If you’ve recently been considering purchasing a used or certified pre-owned (CPO) Tesla, you might want to hold off a tad bit longer. With this new KAR rumor spreading along and an influx of lease returns, used Tesla prices might just come crashing down.
Disclaimer: Although having extensive knowledge on the used car industry should in theory, give more credit towards the author, this is an opinionated post made through nothing more than speculation, experience, and publicly available data.
With the drastic increase in deliveries these last few years, there was no question that Tesla would hit a huge influx of lease returns once terms were up. Tesla has always sold their trade-ins at auction but rumor has it that used Teslas are now also being sent to KAR, owners of Manheim and Adesa auctions.
Currently, Tesla has been handling and selling all of their used Tesla inventory themselves. They take them in, certify them, and list them as inventory vehicles on their site as well as Autotrader and Cars.com.
Since 2015 Model S & X deliveries have effectively doubled, 3 year lease terms are now starting to come to an end, leaving Tesla with a stockpile of used inventory. Back in 2016, Tesla started to offer a 2 year lease option which has also added to this mess.
According to Tesla’s Q3 financials, inventory has gone up 32% since last year and is now worth $3,314,127,000. A large portion of this is indeed mid transit vehicles and such but if I were a betting man, I’d say used inventory is taking up the majority.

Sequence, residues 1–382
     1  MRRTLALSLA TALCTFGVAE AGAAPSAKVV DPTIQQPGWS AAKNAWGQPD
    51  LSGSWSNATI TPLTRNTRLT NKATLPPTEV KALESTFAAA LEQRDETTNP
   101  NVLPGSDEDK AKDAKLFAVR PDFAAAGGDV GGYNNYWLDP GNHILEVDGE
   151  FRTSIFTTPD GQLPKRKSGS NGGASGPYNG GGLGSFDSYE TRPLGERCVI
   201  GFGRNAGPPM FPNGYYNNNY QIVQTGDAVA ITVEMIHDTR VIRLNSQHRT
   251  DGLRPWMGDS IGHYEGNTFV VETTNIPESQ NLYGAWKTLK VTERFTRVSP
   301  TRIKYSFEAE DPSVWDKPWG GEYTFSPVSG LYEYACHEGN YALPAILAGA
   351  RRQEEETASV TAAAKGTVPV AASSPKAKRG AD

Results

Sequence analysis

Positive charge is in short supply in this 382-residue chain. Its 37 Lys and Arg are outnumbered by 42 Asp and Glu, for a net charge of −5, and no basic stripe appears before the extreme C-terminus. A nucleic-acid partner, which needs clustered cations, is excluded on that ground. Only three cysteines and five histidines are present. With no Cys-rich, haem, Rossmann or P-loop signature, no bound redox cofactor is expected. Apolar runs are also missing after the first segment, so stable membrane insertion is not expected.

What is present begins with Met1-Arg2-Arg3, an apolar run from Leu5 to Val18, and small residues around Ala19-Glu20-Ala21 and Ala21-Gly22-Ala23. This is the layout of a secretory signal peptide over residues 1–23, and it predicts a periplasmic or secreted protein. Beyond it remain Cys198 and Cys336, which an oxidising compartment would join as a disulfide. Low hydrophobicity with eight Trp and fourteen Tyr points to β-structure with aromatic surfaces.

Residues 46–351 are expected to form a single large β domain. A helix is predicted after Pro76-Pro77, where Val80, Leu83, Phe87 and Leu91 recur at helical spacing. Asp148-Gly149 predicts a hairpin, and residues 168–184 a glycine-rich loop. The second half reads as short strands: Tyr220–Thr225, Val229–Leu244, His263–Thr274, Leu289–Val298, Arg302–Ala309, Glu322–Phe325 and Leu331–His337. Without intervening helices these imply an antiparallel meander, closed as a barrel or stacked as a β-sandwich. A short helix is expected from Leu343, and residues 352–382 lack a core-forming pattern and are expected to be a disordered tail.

“To manage a growing used car business, Tesla is relying on outside firms, including Manheim and Adesa KAR , according to two people familiar with the situation. These businesses help move and manage used cars, putting them through inspections, reconditioning and sales to wholesale customers.”
It all makes perfect sense: with all these lease terms coming to an end, Tesla has decided they’re in over their heads and need to dump these cars with the help of others such as Manheim and Adesa.
Sending lease returns to auction is actually the traditional route taken by the majority of manufacturers. These auctions are available to dealerships only and are where dealers go to fill up their used car inventories. With these changes, resell value will be an interesting topic to watch. Some, including myself, are seeing the possibility of a steep drop coming soon. But why?
Teslas have always been known to maintain an incredible value compared to the competition.
In a statement to Electrek, Alex Klein, Autolist’s Vice President of Data Science, said:
“To put the depreciation in context, whereas a Tesla (Model S) will on average lose 28% of its value after being driven 50k miles, a Mercedes S-Class will lose 38%, a BMW 7-series will lose 40%, and an Audi A8 will lose 41%. As a result, Tesla owners end up with considerably more money in their pocket.”
At the time of this study, the Model S was actually holding a 5% premium, meaning that on average, they were selling for 5% higher than listing price.
So why the possible decline in used prices? Unlike other manufacturers, the market doesn’t decide the value of Tesla’s used cars, Tesla does. The vast majority of used Teslas are owned and sold by Tesla themselves. Prices are set by them with no negotiation, so the very small private and 3rd party market follows in evaluation. With the majority of cars now being sold at auction, Tesla won’t have a monopoly on used Teslas for much longer. This in turn will cause a cascading effect on pricing. Dealers will be able to lower the prices, which in term will lower the auction pricing and an overall decline in used Tesla pricing.